Here I am defending presidential candidate Herman Cain’s 9-9-9 tax plan again, this time from charges that it would raise taxes on some lower- and middle-income taxpayers.
Duh. If, as is the case with all too many Americans, you’re not paying any income taxes or very little — and suddenly you are paying nine percent plus a nine percent sales tax — then yes, you’re facing a tax increase.
But puh-leeze. Look at the whole picture. And do the math.
I’m reminded of a favorite family story revolving around the time my son asked our youngest daughter whether she would rather have $20 or $10 for her birthday. Ten dollars, she responded cheerfully, because she was 10 years old!
That’s the level of maturity in the fuss about 9-9-9 hurting lower- and middle-income taxpayers.
Figure it this way: If you don’t have a job, you’re not paying any taxes anyway. Would you rather have a) 100 percent of zero … or b) 91 percent of a paycheck?
If you do have a job, and you make, say, $10,000 and pay no income tax, would you rather a) pay 7.65 percent in payroll taxes (taking home $9,325) or b) have your employer be able to pay you 7.65 percent more and then pay nine percent income tax and no payroll taxes (taking home $9,796)?
And would you rather pay a) zero percent sales tax on a product that costs $1 (total cost $1) or b) nine percent sales tax on the same product that costs, say, 85 cents (total cost 93 cents)?
If you answered a) for each of the above, congratulations: you aren’t smarter than a fifth-grader.
Because if Cain is correct — and I believe he is — the 9-9-9 plan will set off a growth rocket. Low corporate and personal income taxes, plus the ability to expense all business spending and the elimination of the capital gains rate, will produce billions of dollars of new business creation and investment.
That means jobs. Millions and millions of them. With heavy competition for workers driving higher incomes in a red-hot labor market. And a gusher of new government revenues.
If Cain is correct — and I believe he is — the elimination of payroll taxes, which are basically taxes on hiring people (I know, stupid!), will essentially offset any increased income taxes people pay as employers pass their savings on in the form of higher wages. (Others, such as moi, will happily accept the huge cut in taxes 9-9-9 will offer.)
And if Cain is correct — and I believe he is — the excision of billions of dollars of high corporate and personal income taxes embedded in prices, not to mention the outrageously high cost of tax compliance and avoidance, will easily offset the introduction of a mere nine percent sales tax.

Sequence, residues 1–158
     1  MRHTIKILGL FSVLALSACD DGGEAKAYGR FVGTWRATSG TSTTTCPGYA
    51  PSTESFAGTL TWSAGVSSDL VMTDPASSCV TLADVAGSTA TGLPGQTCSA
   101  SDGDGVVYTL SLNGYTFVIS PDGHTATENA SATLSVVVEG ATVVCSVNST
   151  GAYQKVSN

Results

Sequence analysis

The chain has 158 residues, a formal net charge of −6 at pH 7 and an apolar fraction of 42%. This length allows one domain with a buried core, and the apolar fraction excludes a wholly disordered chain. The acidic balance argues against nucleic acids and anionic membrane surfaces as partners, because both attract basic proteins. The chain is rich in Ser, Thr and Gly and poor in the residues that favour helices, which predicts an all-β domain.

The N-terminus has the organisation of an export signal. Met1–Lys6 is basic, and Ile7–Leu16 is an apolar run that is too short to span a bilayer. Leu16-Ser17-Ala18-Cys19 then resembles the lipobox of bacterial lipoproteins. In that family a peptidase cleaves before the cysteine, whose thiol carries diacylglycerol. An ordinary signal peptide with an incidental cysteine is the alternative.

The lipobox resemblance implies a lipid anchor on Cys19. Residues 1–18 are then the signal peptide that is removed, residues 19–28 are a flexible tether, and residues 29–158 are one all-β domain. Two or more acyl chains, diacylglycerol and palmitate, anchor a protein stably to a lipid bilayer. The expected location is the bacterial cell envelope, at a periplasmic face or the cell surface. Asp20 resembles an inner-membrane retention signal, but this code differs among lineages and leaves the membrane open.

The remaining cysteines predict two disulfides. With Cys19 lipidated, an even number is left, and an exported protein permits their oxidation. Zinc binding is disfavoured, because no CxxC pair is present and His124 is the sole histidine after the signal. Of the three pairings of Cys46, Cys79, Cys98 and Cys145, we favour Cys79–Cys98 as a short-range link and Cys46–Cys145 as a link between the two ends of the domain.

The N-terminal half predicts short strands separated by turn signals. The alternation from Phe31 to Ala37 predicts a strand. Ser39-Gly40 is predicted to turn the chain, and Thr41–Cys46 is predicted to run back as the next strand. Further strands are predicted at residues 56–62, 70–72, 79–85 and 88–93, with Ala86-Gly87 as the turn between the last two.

Not just 9-9-9, but win-win-win.
You see, there’s the same fundamental disconnect in thinking on the part of too many Americans that afflicted my poor little girl way back when. Big-government adherents have set up a really clever system. They have run up the cost of government to benefit a near-majority of Americans, while dumping the apparent costs on a small minority and skimming off a percentage for themselves and their friends with each collection and transfer.
Then, when sensible people talk about scaling back the size of government to reduce debt and provide more room for private investment, liberals, government employees and the media can holler about budget cuts crushing the poor and pushing poor Grandma off a cliff.
And when even more sensible people talk about simplifying and flattening the tax code, broadening the base or, even better, shifting from taxing work and investment and initiative to taxing mindless consumption, the same crowd can shout “regressive” and send reform proponents scurrying back into their holes.
What they don’t point out is the real cost of the big-government, high-tax system: lost opportunity, lost innovation (read: lower costs for more and better goods), higher prices (with the costs of taxes and compliance built in) and, most of all, lost jobs. In the end, lots of government for nothing adds up to taking $10 for your birthday because it sounds good — when you really could have had $20.
Herman wants us all to have $20. Me too. The big-government crowd? They just hope we can’t do fifth-grade math.
Bob Maistros was the chief writer for the Reagan-Bush ’84 campaign, a former Senate subcommittee counsel and a longtime public relations advisor for companies ranging from AOL to MTV to XM Satellite Radio. He now offers biting satire based on insights gathered at the front lines of headline-making corporate crises, political contests and the culture wars.